Newshost:

Does that short-change readers and viewers though in the States?


Nathan Thomas:

I suppose that's possible although there are so many outlets in the United States giving opinion. I think it is all there - you may not get it all in one neat little package.


Newshost:

Lisa, a question from Mike in London, who asks: Do you think that the origins of the terrorist problem have been adequately addressed and addressed without bias by Western media?


Lisa O'Carroll:

I think we've been discussing the origins and roots of this for the last two weeks relentlessly. Every time I switch on the TV and every newspaper is full of it. It is patently obvious - we don't know and we are trying to find out why.


Newshost:

Yes, but perhaps the implication would be that there is a bias - maybe an unconscious bias, as Abul talks about.


Lisa O'Carroll:

Maybe what he is touching on is the lack of interest in the story of the Palestinians and the Muslim community worldwide and the problems they face.

It was similar I think probably in Ireland, there was a feeling that the situation in Northern Ireland was never taken seriously until there was the unfortunate violence and fatalities.


Newshost:

T Samra, Dublin asks: I admired the Sun Newspaper article which explained in layman's terms that Islam was not an evil religion. This kind of journalism leads to a better understanding between peoples. Are we not entitled to hear all the issues?


Lisa O'Carroll:

Of course we are yes. Any move - to come back to your earlier question - about the Government trying to control the media must be resisted and probably will be resisted by newspapers - it is just television, I think, is the path of least resistance of attempts to control. I would really like to see television resisting any government attempts to control information of what's going on in the military arena when it does, and if it does, happen.


Newshost:

Abul, you wanted to come in there.


Abul Tahir:

I think had the Sun newspaper took this decision voluntarily and not at the advice of the Government, that would have been a far better day for the British media at large.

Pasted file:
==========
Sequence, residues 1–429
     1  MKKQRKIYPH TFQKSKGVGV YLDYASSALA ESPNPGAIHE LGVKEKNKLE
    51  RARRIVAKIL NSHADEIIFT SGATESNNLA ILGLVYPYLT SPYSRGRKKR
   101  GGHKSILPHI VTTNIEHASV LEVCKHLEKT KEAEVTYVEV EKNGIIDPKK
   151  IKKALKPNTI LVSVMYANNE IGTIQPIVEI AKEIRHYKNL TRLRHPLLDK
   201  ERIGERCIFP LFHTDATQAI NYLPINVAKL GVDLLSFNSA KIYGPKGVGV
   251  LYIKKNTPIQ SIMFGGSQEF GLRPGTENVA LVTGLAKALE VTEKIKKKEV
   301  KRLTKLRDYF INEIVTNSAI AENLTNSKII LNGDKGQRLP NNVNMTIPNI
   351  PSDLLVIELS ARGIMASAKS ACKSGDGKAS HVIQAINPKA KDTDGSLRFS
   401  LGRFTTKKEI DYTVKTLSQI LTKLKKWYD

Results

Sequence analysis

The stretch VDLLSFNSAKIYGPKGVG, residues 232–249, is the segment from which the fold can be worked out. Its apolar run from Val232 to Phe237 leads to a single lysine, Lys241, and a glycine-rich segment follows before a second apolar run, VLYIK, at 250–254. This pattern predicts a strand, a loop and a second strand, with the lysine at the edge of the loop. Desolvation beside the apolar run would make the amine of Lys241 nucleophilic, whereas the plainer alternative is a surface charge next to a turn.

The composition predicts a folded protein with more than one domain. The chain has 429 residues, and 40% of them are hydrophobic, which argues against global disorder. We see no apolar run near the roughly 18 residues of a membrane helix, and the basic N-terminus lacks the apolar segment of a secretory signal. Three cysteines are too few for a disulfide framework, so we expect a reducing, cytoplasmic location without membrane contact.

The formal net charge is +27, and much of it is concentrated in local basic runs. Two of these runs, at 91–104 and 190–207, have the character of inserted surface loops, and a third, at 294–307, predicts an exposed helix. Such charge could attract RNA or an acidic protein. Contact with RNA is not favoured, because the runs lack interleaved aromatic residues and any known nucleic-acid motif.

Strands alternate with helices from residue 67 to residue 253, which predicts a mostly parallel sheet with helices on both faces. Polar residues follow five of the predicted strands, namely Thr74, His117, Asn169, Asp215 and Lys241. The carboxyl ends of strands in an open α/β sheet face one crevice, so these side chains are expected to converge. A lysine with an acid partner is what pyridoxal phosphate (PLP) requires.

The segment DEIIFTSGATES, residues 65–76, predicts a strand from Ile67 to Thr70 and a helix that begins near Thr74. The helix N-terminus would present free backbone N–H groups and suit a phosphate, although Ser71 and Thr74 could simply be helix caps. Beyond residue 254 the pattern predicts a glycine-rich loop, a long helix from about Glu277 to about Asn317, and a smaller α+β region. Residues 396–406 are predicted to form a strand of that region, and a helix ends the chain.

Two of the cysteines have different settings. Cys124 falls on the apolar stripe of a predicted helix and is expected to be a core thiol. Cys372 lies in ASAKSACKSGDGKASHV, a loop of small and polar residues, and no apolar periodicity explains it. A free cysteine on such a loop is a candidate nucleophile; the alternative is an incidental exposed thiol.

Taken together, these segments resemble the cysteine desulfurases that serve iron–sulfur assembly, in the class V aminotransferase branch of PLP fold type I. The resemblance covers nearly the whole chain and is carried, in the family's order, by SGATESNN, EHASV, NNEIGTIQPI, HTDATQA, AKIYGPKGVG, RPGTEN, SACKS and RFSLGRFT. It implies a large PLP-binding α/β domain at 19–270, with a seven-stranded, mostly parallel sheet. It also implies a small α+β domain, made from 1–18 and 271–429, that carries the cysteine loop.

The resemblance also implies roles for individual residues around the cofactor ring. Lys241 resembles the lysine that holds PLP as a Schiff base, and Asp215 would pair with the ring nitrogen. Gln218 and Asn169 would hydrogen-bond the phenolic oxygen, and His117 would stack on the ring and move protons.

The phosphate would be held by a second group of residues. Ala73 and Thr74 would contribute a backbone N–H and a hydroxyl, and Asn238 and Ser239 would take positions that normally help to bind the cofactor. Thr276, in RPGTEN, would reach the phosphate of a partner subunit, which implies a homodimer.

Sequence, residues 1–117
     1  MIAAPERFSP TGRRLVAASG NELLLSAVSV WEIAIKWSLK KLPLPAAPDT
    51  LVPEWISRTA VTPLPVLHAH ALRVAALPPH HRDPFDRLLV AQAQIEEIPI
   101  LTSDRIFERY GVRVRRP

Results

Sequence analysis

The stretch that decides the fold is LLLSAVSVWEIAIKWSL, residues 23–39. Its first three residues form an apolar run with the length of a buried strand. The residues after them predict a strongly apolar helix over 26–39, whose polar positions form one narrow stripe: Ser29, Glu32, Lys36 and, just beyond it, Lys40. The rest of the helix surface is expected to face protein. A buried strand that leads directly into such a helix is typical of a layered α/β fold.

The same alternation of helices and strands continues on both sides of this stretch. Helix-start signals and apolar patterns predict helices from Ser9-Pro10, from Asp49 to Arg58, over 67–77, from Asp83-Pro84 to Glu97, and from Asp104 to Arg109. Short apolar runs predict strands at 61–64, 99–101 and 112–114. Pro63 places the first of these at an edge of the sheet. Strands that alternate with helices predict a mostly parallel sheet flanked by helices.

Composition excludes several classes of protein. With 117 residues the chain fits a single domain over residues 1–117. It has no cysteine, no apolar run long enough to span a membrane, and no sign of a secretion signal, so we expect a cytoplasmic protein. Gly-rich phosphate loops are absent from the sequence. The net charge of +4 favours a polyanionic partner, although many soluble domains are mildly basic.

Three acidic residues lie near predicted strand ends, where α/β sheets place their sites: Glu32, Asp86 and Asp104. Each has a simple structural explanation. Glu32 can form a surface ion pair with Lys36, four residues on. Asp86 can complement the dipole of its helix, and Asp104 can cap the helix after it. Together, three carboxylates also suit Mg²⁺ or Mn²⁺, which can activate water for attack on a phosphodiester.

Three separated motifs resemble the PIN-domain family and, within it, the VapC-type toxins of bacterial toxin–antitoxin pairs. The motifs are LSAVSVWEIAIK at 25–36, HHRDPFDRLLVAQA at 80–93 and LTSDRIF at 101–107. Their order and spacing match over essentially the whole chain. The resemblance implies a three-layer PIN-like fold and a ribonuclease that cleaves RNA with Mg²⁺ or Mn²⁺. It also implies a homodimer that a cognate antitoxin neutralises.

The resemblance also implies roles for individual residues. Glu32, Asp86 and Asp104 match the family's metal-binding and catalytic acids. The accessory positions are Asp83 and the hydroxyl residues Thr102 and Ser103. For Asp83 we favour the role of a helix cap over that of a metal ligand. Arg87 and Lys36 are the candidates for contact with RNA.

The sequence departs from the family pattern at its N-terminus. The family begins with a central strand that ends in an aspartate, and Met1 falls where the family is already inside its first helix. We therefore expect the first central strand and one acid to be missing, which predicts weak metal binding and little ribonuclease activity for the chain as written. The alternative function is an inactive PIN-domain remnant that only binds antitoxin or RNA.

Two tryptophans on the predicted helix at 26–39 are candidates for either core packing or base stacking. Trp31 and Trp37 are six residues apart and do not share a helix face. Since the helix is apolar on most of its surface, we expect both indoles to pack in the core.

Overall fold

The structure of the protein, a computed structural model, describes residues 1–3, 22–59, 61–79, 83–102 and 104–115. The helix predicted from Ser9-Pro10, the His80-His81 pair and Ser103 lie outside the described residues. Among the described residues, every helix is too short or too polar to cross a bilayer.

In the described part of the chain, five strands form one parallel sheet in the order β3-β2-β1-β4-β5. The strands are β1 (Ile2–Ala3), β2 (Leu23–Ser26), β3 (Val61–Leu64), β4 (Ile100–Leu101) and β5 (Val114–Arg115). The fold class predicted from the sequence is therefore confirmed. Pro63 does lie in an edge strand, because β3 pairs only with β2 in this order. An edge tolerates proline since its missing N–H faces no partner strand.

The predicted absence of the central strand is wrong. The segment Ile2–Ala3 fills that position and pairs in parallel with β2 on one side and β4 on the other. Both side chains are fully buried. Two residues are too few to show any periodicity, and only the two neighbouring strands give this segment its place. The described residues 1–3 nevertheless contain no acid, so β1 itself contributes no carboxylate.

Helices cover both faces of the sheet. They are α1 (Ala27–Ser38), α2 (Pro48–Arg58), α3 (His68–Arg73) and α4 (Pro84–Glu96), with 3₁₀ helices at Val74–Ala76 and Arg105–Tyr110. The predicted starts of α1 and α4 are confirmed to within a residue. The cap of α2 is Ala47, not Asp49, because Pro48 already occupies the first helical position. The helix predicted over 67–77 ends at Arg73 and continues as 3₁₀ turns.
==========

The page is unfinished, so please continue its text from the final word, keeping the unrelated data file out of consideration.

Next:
Lisa O'Carroll:

I sure it didn't take it on the advice - I am sure it was urged. The editor can make his own mind up can't he?


Abul Tahir:

I am sure he can but the friend who told me about this, he did use that term, advised. I don't think the Sun was coerced - I don't think anyone can coerce the Sun. But of course the Sun newspaper and New Labour do have this special relationship.


Newshost:

Interesting relationship.


Abul Tahir:

Interesting - yes.


Newshost:

Imran Khan, London asks: The over-exposure of the terrorist attacks, is causing hatred among communities. Surely there has to be a limit to what exposure is needed. The atrocities in the Muslim world are never given as much exposure (e.g., Palestine, Chechnya, Iraq, Kashmir, to name a few)?


Abul Tahir:

Of course, that's expected. The media - whatever we see on television or read in newspapers - all this belongs to a context and of course we are looking at everything from a Western context.

I don't this particular tragic event has been over-exposed - the seriousness of it - it is threatening world peace. It has quite rightly changed the world. So I think it deserves - at least in the Western world - the exposure that it has got.


Newshost:

But do you think that we have taken for granted too much some of the atrocities that have taken place in the Middle East?


Abul Tahir:

I think we have. We have been ignoring perhaps the trade sanctions in Iraq that have killed so many thousands of people. And of course the Palestinian issue is always in the media but perhaps not analysed as say this event is. Also the Kashmir issue is seldom mentioned although soldiers and civilians in Kashmir are getting killed every day.

So these are international hot spots where military action could destabilise and are destabilising regions of the world but they are seldom mentioned or when they are they are put very tersely.